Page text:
Artist: Cara McGee,
Color Artists: Brittany Peer with Cara McGee,
Letters: Aubrey Aiese,
Cover by: Cara McGee,
Variant Covers by: Natacha Bustos; Cara McGee,
Design: Marie Krupina,
Logo Design: Michelle Ankley,
Editor: Shannon Watters,
Assistant Editor: Sophie Philips-Roberts,
Publisher: Boom! Studios,
Release Date: Out Now,
An awkward teenage boy named Tomas joins a dodgeball game between his team, the Jazz Pandas, and the Kettle Balls. The Jazz Pandas have a long streak of losing, and Tomas’s ineptitude isn’t helping their nerves. Drew, their beleaguered leader, doesn’t know what to do with him on their team.
As it is a part of Boom! Studios’ Boom! Box imprint, Dodge City #1 skews for a younger audience. While it isn’t going for as young an audience as the delightful Lumberjanes, it’s still going for an audience younger and generally different than a 22-year-old white cis-male comic reviewer. Keep that in mind as a disclaimer.
Dodge City #1 is a bit of a mixed bag. While it is funny and downright adorable at times, it still takes many aspects of its conflict and plot far more seriously than ideal. While it tries to justify the seriousness of it with the teenage cast and a history of losing, it still doesn’t warrant how important the dodgeball competition is made to seem.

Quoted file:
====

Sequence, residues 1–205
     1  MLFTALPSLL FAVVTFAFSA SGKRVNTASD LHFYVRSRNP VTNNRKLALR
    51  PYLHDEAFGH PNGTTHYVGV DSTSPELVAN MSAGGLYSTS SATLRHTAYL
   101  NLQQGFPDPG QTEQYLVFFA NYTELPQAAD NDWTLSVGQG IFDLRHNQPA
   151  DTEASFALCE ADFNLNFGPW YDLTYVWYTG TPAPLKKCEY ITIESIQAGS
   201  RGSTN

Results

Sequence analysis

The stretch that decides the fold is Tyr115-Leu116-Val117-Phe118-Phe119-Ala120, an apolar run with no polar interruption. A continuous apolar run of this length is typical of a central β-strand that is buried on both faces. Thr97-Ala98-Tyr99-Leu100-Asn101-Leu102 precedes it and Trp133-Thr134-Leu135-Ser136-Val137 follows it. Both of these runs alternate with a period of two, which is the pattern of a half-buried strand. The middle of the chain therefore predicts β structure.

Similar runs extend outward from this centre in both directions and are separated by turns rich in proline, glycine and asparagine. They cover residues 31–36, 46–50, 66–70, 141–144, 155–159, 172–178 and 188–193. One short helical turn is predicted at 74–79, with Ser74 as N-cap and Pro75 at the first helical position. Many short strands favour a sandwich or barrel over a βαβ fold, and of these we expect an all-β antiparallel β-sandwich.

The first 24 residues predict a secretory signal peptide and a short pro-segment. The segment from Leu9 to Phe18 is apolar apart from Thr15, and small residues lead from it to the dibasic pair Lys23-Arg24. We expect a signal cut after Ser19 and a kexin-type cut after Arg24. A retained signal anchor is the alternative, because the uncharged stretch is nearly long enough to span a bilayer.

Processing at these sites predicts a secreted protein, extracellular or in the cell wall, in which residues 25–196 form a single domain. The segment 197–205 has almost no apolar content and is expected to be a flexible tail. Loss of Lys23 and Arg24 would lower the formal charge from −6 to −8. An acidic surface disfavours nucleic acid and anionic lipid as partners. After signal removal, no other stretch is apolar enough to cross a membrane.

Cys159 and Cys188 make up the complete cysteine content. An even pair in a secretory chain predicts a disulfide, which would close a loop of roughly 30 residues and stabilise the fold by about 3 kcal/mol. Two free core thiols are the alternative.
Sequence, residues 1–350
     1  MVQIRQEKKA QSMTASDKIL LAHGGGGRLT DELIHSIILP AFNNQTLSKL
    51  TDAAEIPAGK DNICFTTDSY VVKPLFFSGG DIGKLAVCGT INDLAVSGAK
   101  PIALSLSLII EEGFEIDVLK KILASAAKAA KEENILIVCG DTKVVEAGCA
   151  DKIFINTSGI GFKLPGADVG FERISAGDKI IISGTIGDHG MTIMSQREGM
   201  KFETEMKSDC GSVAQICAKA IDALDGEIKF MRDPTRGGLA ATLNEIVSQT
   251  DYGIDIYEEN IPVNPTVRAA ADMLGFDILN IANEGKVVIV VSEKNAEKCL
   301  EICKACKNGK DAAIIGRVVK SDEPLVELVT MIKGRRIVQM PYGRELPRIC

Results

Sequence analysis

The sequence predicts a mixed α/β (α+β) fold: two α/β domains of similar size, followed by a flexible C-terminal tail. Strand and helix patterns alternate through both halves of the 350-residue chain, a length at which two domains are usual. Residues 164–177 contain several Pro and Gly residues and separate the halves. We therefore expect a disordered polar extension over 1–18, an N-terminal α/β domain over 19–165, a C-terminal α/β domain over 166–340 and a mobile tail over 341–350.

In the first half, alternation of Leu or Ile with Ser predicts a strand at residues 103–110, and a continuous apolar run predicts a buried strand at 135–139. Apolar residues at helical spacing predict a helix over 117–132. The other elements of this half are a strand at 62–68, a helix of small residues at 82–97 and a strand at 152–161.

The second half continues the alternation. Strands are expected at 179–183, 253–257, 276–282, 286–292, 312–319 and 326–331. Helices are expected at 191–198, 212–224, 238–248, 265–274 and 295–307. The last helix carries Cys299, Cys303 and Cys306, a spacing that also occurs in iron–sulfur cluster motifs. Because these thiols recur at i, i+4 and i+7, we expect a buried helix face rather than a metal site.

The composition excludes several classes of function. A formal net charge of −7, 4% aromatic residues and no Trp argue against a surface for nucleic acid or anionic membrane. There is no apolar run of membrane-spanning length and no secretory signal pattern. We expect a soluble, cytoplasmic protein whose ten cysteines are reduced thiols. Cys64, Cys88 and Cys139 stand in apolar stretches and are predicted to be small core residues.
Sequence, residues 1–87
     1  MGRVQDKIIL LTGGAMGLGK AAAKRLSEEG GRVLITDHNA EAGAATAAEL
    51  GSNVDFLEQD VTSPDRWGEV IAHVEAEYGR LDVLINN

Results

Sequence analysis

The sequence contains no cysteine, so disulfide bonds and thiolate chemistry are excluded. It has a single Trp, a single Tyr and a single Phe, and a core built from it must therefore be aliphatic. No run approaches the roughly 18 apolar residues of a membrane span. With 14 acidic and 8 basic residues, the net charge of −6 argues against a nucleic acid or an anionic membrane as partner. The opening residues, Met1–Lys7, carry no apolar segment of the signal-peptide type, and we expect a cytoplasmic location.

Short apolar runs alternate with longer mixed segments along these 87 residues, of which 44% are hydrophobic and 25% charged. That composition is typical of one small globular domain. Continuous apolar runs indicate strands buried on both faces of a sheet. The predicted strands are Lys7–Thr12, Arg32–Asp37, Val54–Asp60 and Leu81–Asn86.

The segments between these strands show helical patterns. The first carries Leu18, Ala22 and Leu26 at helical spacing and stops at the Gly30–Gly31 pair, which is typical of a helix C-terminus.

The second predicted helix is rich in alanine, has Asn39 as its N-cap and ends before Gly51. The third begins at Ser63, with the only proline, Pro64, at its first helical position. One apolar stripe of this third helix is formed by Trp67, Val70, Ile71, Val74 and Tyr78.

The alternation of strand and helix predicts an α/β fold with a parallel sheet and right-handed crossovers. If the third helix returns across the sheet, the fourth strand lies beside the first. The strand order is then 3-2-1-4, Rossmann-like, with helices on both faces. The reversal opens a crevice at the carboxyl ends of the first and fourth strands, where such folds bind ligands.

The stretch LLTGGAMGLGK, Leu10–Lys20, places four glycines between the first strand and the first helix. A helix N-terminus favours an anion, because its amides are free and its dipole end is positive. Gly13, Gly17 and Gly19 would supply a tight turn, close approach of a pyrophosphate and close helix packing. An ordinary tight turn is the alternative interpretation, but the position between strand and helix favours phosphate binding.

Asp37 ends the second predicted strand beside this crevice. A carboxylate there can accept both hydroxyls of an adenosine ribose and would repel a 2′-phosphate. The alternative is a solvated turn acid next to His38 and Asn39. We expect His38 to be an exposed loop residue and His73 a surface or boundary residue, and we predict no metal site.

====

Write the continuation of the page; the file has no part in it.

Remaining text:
Maybe this is a situation where how endearing the cast is conflicts with the narrative. While they have some problems in their lives, I struggle to buy that having another losing season of dodgeball would destroy them. Some don’t seem to care that much about the game, and the ones that do appear to care are implied to have other things going on in their life to not be affected that much by a loss.
That said, the cast is charming and easy to cheer on, so the comic still has a fair amount going for it.
Cara McGee, known also for her work on Over the Garden Wall, brings her A-game to the comic. The visual personality and detailing given to each character goes a long way in making everyone in Dodge City so damn adorable. Brittany Peer and McGee provide the coloring work, which is bright and almost pastel for the most part, and it works. It contributes to the quirky vibe Dodge City maintains throughout most of the comic.
While the characters of Dodge City are great, I’m left struggling to be invested in the plot and conflict. That’s a pretty big problem, but if off-beat sports stories are your thing, Dodge City could still scratch that particular itch for you. Plus, McGee and Peer’s art is great, so there are some things going for this book. Personally, I can tentatively recommend it.
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The post Dodge City #1 Review: Goodbye Purple Cobras, Hello Jazz Pandas appeared first on Bleeding Cool News And Rumors.